java.lang.OutOfMemoryError: Out of swap space?
Java applications are given limited amount of memory during the startup. This limit is specified via the -Xmx and other similar startup parameters. In situations where the total memory requested by the JVM is larger than the available physical memory, operating system starts swapping out the content from memory to hard drive.
The java.lang.OutOfMemoryError: Out of swap space? error indicates that the swap space is also exhausted and the new attempted allocation fails due to the lack of both physical memory and swap space.
The java.lang.OutOfmemoryError: Out of swap space? is thrown by JVM when an allocation request for bytes from the native heap fails and the native heap is close to exhaustion. The message indicates the size (in bytes) of the allocation which failed and the reason for the memory request.
The problem occurs in situations where the Java processes have started swapping, which, recalling that Java is a garbage collected language is already not a good situation. Modern GC algorithms do a good job, but when faced with latency issues caused by swapping, the GC pauses tend to increase to levels not tolerable by most applications.
java.lang.OutOfMemoryError: Out of swap space? is often caused by operating system level issues, such as:
- The operating system is configured with insufficient swap space.
- Another process on the system is consuming all memory resources.
It is also possible that the application fails due to a native leak, for example, if application or library code continuously allocates memory but does not release it to the operating system.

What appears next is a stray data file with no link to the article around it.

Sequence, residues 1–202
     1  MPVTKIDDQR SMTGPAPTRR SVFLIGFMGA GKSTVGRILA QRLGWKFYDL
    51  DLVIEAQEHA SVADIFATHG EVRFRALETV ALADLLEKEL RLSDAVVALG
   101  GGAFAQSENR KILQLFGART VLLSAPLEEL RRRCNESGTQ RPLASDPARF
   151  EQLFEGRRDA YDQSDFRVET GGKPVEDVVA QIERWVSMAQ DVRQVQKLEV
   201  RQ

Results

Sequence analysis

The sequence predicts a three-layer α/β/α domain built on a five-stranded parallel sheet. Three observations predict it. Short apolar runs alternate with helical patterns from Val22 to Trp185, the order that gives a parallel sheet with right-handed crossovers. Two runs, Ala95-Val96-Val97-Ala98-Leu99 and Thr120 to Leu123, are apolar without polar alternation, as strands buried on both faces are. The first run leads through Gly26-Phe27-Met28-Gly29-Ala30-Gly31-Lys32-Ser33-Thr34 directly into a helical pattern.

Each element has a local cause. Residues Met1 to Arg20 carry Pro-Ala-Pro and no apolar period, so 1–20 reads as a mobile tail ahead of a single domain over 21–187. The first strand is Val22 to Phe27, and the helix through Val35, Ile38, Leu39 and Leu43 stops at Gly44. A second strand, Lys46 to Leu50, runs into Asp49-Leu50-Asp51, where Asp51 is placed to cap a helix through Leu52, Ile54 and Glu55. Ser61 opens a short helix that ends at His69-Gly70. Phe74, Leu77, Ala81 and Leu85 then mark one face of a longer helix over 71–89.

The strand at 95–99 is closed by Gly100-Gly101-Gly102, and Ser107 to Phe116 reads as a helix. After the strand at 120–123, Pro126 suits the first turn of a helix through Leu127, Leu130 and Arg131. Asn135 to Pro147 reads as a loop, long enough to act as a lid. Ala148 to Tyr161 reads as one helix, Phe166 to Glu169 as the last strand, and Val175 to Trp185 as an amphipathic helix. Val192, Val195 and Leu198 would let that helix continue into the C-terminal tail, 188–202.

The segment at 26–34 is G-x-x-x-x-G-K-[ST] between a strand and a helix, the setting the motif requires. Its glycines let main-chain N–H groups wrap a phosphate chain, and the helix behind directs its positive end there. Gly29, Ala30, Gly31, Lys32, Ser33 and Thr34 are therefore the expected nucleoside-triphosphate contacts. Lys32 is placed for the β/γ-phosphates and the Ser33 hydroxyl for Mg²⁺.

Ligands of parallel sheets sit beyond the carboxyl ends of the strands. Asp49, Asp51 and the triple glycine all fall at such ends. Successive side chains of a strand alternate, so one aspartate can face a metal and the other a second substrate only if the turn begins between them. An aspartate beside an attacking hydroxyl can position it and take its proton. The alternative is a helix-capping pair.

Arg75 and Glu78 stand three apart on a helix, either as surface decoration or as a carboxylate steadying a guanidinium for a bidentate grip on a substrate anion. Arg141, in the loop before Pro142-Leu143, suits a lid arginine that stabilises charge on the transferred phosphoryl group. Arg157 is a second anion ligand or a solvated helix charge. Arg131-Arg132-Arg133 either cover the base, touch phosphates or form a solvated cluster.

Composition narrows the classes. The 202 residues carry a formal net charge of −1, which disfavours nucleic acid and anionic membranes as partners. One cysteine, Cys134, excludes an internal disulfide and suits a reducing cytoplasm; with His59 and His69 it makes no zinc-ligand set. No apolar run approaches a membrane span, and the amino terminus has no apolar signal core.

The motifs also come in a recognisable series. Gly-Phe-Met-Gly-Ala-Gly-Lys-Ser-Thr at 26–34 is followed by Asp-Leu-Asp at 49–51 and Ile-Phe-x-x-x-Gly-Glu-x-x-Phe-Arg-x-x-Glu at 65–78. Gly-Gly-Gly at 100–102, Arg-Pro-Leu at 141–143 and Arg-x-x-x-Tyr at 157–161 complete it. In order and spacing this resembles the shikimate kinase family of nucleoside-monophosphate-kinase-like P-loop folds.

To overcome this issue, you have several possibilities. First and often the easiest workaround is to increase swap space. The means for this are platform specific, for example in Linux you can achieve with the following example sequence of commands, which create and attach a new swapfile sized at 640MB:
swapoff -a dd if=/dev/zero of=swapfile bs=1024 count=655360 mkswap swapfile swapon swapfile
Now, you should recall that due to garbage collection sweeping the memory content, swapping is undesirable for Java processes in general. Running garbage collection algorithms on swapped allocations can increase the length of GC pauses by several orders of magnitude, so you should think twice before jumping to the easy solution bandwagon.
If your application is deployed next to a “noisy neighbor” with whom the JVM needs to compete for resources, you should isolate the services to separate (virtual) machines.
And in many cases, your only truly viable alternative is to either upgrade the machine to contain more memory or optimize the application to reduce its memory footprint. When you turn to the optimization path, a good way to start is by using memory dump analyzers to detect large allocations in memory.